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Ahead of the storm; Citizen Airmen on standby to support hurricane evacuation missions

Members of the 445th Airlift Wing and 920th Logistics Readiness Squadron, load equipment onto a C-17 Globemaster III before delivering the cargo and members of the 920th Rescue Wing to Robins AFB, Georgia, Sept. 13, 2018. The 920th is based out of Patrick Air Force Base, Florida

Members of the 445th Airlift Wing and 920th Logistics Readiness Squadron, load equipment onto a C-17 Globemaster III before delivering the cargo and members of the 920th Rescue Wing to Robins AFB, Georgia, Sept. 13, 2018. The 920th is based out of Patrick Air Force Base, Florida. The personnel are assigned to assist with the hurricane relief efforts. (U.S. Air Force photo/Master Sgt. Patrick O’Reilly)

The 445th Airlift Wing moved five utility trucks and 26 personnel from the Southern California Edison utility company from March Air Reserve Base, Calif., to Stewart Air National Guard Base, Newburgh, N.Y., Nov. 2 in support of the humanitarian relief efforts to restore power to the areas affected by Hurricane Sandy. (U.S. Air Force photo/Tech. Sgt. Anthony Springer)

The 445th Airlift Wing moved five utility trucks and 26 personnel from the Southern California Edison utility company from March Air Reserve Base, Calif., to Stewart Air National Guard Base, Newburgh, N.Y., Nov. 2 in support of the humanitarian relief efforts to restore power to the areas affected by Hurricane Sandy. (U.S. Air Force photo/Tech. Sgt. Anthony Springer)

WRIGHT-PATTERSON AIR FORCE BASE, Ohio --

Each hurricane season, a crew of 445th Airlift Wing Airmen stands ready to fly at a moment’s notice. With often as little as 24-hour notice, they’ll depart Wright-Patterson Air Force Base to assist in the evacuation of personnel and equipment before the storm makes landfall.

As the trajectory of each storm changes, the details of the individual mission do as well.

“Standby status means that a call might come any time of day or night,” said Maj. Karen Gharst, commander, 445th Aircraft Maintenance Squadron. “Even after the initial call, the departure time or arrival location of the mission could still change, sometimes even on the same day.”

The nature of hurricane evacuation missions demands a great deal of flexibility, but without the willing crews, valuable assets would sit in the path of serious storms.

“Consider, for example, an Air Force base with a fighter wing,” said Lt. Col. Eric Florschuetz, chief of current operations, 445th Operations Support Squadron. “They have a lot of people and equipment to evacuate, but they don’t have the aircraft necessary for transporting cargo.”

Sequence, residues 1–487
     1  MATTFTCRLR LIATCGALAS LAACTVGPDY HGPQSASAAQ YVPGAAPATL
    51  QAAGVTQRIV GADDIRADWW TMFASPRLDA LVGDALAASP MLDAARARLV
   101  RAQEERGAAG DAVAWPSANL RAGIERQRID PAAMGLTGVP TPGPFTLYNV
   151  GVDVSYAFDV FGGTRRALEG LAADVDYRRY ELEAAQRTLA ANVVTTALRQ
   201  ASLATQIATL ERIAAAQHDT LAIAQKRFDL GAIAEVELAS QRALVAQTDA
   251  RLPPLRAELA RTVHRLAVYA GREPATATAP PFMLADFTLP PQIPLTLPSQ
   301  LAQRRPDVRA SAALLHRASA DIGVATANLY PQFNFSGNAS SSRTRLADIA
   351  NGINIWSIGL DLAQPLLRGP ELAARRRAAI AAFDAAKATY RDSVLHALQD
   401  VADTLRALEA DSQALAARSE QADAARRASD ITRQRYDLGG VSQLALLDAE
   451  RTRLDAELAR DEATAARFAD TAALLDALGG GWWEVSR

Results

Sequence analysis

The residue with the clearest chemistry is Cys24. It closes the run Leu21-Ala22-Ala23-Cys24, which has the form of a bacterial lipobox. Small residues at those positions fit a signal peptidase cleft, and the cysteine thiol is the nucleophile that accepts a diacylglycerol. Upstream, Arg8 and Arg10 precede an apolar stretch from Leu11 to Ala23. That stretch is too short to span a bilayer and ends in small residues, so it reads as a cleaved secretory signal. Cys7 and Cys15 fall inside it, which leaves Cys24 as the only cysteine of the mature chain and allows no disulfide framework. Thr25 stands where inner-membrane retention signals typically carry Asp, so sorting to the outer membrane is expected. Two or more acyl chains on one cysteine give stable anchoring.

That’s where the C-17 Globemaster III comes into play. The 445th Airlift Wing has nine, and during hurricane season, one remains readily available, on standby status, to fly in support of hurricane evacuation missions across the Air Force. 

“It’s our responsibility to make sure there is a jet ready to go at a moment’s notice,” said Chief Master Sgt. Scott Bunch, chief enlisted manager, 445th AMXS.

In some cases, aircraft, personnel and other military assets are sheltered at Wright-Patterson Air Force Base, an ideal evacuation site due to its inland location. Other times, the 445th just assists in transporting equipment from one location to another.

“Last year, the taxiways here were lined with aircraft from other installations,” Florschuetz recalled.

The first hurricane evacuation mission of the 2020 season for the 445th departed the week prior to the August unit training assembly, in anticipation of Hurricane Isaias’ projected landfall along the Atlantic coast.

“We sent a crew to Patrick Air Force Base in Florida to pick up helicopters and move them to Moody Air Force Base, Georgia,” Bunch said.

In addition to the flight crew, comprised of members from the 89th Airlift Squadron, a crew chief from the 445th AMXS also flies on the mission to address any maintenance issues with the aircraft that could potentially arise.

“Accomplishing these time-compressed missions is truly a collaborative effort between maintenance and operations,” added Florschuetz. “Neither squadron can do it without the other. We have each other’s cellphone numbers and are in constant, close contact as these missions are developing in the days leading up to a hurricane.”

After the storm passes, the 445th is on standby, once again, to return the cargo and personnel. In instances where a coastal base sustained severe storm damage, the crew may fly additional missions to bring relief supplies along with heavy equipment to support cleanup efforts. 

“One of the most gratifying parts of being in the 445th is supporting missions like these where we are directly impacting American lives,” Gharst said. “It’s a privileges to work closely with our ops peers to carry out such an important and vital mission.”